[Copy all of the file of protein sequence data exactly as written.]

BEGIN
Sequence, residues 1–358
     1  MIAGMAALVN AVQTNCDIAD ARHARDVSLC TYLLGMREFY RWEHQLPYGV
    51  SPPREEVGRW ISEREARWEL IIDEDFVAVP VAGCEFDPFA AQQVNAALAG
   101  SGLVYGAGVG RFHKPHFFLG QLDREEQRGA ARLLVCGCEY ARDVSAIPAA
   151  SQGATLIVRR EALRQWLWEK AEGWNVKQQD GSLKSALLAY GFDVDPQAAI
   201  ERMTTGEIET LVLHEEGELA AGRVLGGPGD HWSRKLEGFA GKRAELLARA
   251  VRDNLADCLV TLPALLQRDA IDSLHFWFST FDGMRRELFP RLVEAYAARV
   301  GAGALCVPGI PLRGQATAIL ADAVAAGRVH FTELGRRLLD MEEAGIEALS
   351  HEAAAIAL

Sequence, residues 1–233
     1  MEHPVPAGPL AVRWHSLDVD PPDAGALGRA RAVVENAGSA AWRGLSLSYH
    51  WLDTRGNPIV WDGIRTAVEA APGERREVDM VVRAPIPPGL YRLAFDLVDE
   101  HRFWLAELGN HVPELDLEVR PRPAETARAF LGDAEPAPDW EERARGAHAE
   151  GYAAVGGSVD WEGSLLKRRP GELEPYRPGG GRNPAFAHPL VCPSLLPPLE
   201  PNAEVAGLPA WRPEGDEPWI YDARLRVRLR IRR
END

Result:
Sequence, residues 1–358
     1  MIAGMAALVN AVQTNCDIAD ARHARDVSLC TYLLGMREFY RWEHQLPYGV
    51  SPPREEVGRW ISEREARWEL IIDEDFVAVP VAGCEFDPFA AQQVNAALAG
   101  SGLVYGAGVG RFHKPHFFLG QLDREEQRGA ARLLVCGCEY ARDVSAIPAA
   151  SQGATLIVRR EALRQWLWEK AEGWNVKQQD GSLKSALLAY GFDVDPQAAI
   201  ERMTTGEIET LVLHEEGELA AGRVLGGPGD HWSRKLEGFA GKRAELLARA
   251  VRDNLADCLV TLPALLQRDA IDSLHFWFST FDGMRRELFP RLVEAYAARV
   301  GAGALCVPGI PLRGQATAIL ADAVAAGRVH FTELGRRLLD MEEAGIEALS
   351  HEAAAIAL

Sequence, residues 1–233
     1  MEHPVPAGPL AVRWHSLDVD PPDAGALGRA RAVVENAGSA AWRGLSLSYH
    51  WLDTRGNPIV WDGIRTAVEA APGERREVDM VVRAPIPPGL YRLAFDLVDE
   101  HRFWLAELGN HVPELDLEVR PRPAETARAF LGDAEPAPDW EERARGAHAE
   151  GYAAVGGSVD WEGSLLKRRP GELEPYRPGG GRNPAFAHPL VCPSLLPPLE
   201  PNAEVAGLPA WRPEGDEPWI YDARLRVRLR IRR